Grading the college football coaching hires
The coaching carousel went around and around, coming to a stop Wednesday, with UAB making its hire.
Nineteen jobs were filled in all, a number that was the lowest of any year since 2005’s offseason had just 11 moves. By comparison, the last five years saw an average of 25.6 changes, with 31 a year ago.
But it was a relatively calm year, with just seven schools from the big five conferences going in a new direction and only one of them — USC — was due to an actual firing.
They were hires were both inspired and perplexing — and all in need of judgment.
James Franklin, Penn State: He’s a perfect pitchman, is a Pennsylvania native and took a school under constraints in Vanderbilt and made it a consistent winner. He should thrive under sanctions and put the Nittany Lions in position to be elite again once they’re back in the NCAA’s good graces.
Chris Petersen, Washington: While past Boise State coaches failed at major programs — Dirk Koetter and Dan Hawkins — that Petersen went 92-12 record and won two BCS bowl victories, says it all. With ties to the Northwest, he’ll attract talent.
Blake Anderson, Arkansas State: Like with Hugh Freeze and Gus Malzahn, the Red Wolves added another intriguing offensive mind in Anderson. As North Carolina’s offensive coordinator, he directed attacks that both averaged over 425 yards per game.
Jeff Monken, Army: What’s key here is that Monken knows the triple-option, having worked with Paul Johnson at Hawaii, Georgia Southern and Navy. In four years at the helm at Georgia Southern, his teams averaged 336.1 ypg on the ground.
Bryan Harsin, Boise State: A former Boise State QB and offensive coordinator, he was also Texas’s OC and spent last year as Arkansas State coach. It should be status quo in blue turf land.
Dino Babers, Bowling Green: A part of Art Briles’ turnaround at Baylor, Babers will bring the same high-tempo, spread offense the Bears run to the MAC. With QB Matt Johnson back after throwing for 3,467 yards and 25 scores, it could be a perfect marriage.
Bob Diaco, UConn: The 2012 Broyles Award winner for building a Notre Dame defense that carried it to the BCS title game. He’s primed to boost a Huskies D that was a bright spot amid a rocky season.
Chris Creighton, Eastern Michigan: An interesting choice given that predecessor Ron English was fired for using inappropriate language, Creighton doesn’t let his players curse. The Eagles haven’t had a winning season since 1995 and Creighton hasn’t had a losing season in 17 years as a head coach.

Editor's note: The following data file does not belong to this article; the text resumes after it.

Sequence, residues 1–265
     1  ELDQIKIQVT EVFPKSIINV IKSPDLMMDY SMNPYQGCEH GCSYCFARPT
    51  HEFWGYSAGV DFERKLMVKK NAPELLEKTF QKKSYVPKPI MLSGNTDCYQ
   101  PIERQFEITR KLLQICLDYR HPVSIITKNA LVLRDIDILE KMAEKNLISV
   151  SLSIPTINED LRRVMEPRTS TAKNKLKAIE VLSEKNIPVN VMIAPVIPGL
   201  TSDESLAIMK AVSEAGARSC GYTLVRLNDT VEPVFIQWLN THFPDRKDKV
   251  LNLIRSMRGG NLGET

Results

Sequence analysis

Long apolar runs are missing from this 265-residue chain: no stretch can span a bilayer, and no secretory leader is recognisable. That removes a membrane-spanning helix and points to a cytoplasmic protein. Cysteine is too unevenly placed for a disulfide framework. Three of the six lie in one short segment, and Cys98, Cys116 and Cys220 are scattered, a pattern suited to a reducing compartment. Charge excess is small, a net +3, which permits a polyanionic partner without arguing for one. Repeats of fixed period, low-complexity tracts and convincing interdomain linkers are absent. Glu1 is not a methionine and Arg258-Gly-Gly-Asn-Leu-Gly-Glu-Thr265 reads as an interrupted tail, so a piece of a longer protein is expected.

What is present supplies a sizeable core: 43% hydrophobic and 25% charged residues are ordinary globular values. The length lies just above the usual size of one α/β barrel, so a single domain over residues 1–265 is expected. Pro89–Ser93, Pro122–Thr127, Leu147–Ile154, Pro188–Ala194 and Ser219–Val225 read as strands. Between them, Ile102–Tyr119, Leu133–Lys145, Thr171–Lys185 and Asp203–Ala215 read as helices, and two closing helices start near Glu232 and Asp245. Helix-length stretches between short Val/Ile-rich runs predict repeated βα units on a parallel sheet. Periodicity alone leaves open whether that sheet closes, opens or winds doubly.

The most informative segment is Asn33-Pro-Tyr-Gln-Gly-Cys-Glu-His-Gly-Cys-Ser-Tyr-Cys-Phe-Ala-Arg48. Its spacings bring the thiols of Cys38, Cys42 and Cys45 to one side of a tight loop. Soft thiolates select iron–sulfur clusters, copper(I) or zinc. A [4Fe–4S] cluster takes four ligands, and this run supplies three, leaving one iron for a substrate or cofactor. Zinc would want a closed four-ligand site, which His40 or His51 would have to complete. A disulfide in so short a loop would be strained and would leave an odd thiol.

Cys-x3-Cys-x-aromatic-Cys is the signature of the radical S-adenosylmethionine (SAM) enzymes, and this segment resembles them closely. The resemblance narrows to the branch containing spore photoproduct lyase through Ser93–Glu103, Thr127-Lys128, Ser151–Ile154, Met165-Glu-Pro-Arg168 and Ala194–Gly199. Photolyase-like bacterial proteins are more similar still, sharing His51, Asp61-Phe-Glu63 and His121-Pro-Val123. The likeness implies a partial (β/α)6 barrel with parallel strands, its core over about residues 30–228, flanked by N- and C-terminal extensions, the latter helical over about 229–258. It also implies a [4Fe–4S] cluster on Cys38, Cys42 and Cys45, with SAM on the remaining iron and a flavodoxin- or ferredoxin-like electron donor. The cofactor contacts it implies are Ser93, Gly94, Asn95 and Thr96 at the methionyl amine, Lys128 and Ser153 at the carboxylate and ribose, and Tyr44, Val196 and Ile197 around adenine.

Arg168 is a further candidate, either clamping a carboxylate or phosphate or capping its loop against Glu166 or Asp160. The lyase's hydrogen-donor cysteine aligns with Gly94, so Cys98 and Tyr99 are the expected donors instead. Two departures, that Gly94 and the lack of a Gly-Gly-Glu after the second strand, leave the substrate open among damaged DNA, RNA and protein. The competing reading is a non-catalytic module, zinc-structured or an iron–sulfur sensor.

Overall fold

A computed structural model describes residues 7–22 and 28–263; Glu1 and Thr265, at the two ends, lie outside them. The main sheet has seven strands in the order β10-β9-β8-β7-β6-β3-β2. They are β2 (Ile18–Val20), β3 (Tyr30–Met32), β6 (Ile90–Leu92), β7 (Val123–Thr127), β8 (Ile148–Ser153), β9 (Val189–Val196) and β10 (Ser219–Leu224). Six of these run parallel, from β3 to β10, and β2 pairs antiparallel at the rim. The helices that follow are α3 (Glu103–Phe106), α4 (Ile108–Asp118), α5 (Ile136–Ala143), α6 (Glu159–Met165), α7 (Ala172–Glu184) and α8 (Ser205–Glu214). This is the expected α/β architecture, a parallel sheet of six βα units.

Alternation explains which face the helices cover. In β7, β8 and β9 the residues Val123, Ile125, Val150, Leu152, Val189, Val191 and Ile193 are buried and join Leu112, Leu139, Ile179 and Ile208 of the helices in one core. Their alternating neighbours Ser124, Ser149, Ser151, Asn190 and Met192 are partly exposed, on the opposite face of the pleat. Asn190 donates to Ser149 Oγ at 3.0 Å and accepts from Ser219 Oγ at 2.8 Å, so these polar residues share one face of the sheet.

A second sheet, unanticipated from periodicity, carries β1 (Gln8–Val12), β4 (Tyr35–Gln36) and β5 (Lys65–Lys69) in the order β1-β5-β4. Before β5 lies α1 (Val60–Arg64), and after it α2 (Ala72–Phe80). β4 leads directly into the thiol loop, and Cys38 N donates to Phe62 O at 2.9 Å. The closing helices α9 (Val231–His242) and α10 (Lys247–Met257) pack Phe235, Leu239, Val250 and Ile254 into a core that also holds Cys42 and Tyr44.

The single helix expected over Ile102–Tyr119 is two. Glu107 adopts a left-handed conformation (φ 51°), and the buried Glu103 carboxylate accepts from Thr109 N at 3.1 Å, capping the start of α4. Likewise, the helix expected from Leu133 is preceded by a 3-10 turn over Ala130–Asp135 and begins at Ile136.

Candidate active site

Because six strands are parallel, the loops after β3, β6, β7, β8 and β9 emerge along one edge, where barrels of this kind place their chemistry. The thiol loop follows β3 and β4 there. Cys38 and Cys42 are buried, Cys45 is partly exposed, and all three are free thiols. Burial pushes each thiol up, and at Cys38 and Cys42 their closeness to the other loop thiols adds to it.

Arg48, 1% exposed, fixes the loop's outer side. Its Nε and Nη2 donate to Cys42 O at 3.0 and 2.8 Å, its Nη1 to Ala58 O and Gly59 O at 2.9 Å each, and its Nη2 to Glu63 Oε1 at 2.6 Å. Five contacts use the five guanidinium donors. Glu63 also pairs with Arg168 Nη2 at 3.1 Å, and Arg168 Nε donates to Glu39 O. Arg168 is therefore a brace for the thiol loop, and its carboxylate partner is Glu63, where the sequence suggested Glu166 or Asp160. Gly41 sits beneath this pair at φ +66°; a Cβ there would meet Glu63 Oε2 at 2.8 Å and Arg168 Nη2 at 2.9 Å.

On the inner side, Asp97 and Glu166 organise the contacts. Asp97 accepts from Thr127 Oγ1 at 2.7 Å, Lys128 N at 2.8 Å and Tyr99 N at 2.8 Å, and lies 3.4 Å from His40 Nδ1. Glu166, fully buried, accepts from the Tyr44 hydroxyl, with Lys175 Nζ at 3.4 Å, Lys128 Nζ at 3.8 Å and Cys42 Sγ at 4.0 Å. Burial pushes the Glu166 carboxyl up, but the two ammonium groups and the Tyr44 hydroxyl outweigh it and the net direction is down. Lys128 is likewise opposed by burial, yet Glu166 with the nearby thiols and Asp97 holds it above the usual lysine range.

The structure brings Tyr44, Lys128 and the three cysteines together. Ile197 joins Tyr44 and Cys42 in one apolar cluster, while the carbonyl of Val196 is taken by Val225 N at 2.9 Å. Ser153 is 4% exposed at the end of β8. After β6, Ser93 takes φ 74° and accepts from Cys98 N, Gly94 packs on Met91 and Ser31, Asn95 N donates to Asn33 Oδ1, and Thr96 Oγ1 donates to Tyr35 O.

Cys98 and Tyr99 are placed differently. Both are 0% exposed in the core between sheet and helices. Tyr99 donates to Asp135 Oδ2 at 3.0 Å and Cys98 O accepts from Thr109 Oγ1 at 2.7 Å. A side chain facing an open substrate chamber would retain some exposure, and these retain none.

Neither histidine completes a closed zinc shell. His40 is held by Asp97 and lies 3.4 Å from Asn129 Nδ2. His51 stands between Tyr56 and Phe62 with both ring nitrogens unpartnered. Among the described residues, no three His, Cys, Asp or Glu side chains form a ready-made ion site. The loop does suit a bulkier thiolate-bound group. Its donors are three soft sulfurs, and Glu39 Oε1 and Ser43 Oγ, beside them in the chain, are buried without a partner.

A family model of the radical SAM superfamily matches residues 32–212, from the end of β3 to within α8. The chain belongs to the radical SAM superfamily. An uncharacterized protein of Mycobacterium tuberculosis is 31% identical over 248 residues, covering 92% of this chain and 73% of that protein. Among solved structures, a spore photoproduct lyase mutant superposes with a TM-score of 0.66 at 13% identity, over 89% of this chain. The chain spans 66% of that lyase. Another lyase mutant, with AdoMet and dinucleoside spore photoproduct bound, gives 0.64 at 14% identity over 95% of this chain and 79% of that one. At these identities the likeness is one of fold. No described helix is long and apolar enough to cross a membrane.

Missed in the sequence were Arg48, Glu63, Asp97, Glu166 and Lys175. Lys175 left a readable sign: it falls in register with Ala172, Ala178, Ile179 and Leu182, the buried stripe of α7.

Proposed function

Charlie Partridge, Florida Atlantic: The Owls are banking on Partridge’s ability to keep talent in South Florida, where he was the primary recruiter in stops at the likes of Pitt, Wisconsin and Arkansas.
Chuck Martin, Miami (Ohio): The ex-Notre Dame offensive coordinator is attracting a number of Irish castoffs, including QB Andrew Hendrix. Rebounding from a combined eight wins the last three years is daunting, but it can’t get much worse.
Steve Sarkisian, USC: The optimum word here is safe. Athletic director Pat Haden stuck with the Pete Carroll coaching tree in plucking Sarkisian from Washington. But given UCLA taking over Los Angeles, a sexier hire may have been in order.
Derek Mason, Vanderbilt: He’s familiar with working under tough academic standards and in two seasons as Stanford defensive coordinator led a unit that was among the Pac-12’s best. Can he do enough to save a recruiting class disintegrating after Franklin’s exit?
Dave Clawson, Wake Forest: The Demon Deacons have ranked higher than 108th in offense once in the last four years. Clawson, known for his offensive mind, is used to turning things around, doing so at Fordham, Richmond and Bowling Green in winning conference titles.
Jeff Brohm, Western Kentucky: This move is all about continuity. In one season as offensive coordinator, Brohm helped the Hilltoppers break 18 school records.
Craig Bohl, Wyoming: Don’t know the name? Bohl won consecutive national titles at North Dakota State and will try and reinvigorate a stagnant Cowboys program.
Mark Whipple, UMass: He won once with the Minutemen and won big, claiming a national title in a stint that ran from 1998-2003. It’s a program needing a boost after Charley Molnar’s exit, but is someone who has spent eight of the last 10 years in the NFL the answer?
Charlie Strong, Texas: He wasn’t the hire the Longhorns wanted and his pedigree is on defense, not offense, which rules the Big 12. He’ll have plenty of money to add strong offensive minds behind him. For example: plucking respected offensive line coach Joe Wickline from Oklahoma State to be his OC.
Bill Clark, UAB: He has three seasons as a head coach, two at Prattville (Ala.) High School and one at Jacksonville State. But that season with the Gamecocks resulted in a FCS quarterfinals appearance. Do the Blazer have the next Gus Malzahn to blaze the path from preps to FBS?
Bobby Petrino, Louisville: If the goal is to simply win, the return of Petrino is a magnificent hire. Strong left him with plenty of toys to play with, but a reputation for bouncing between jobs makes you wonder how long it will last — though a $10 million buyout could help there. Of more tangible concern, how will his ugly exit from Arkansas and his questionable behavior impact his ability to recruit?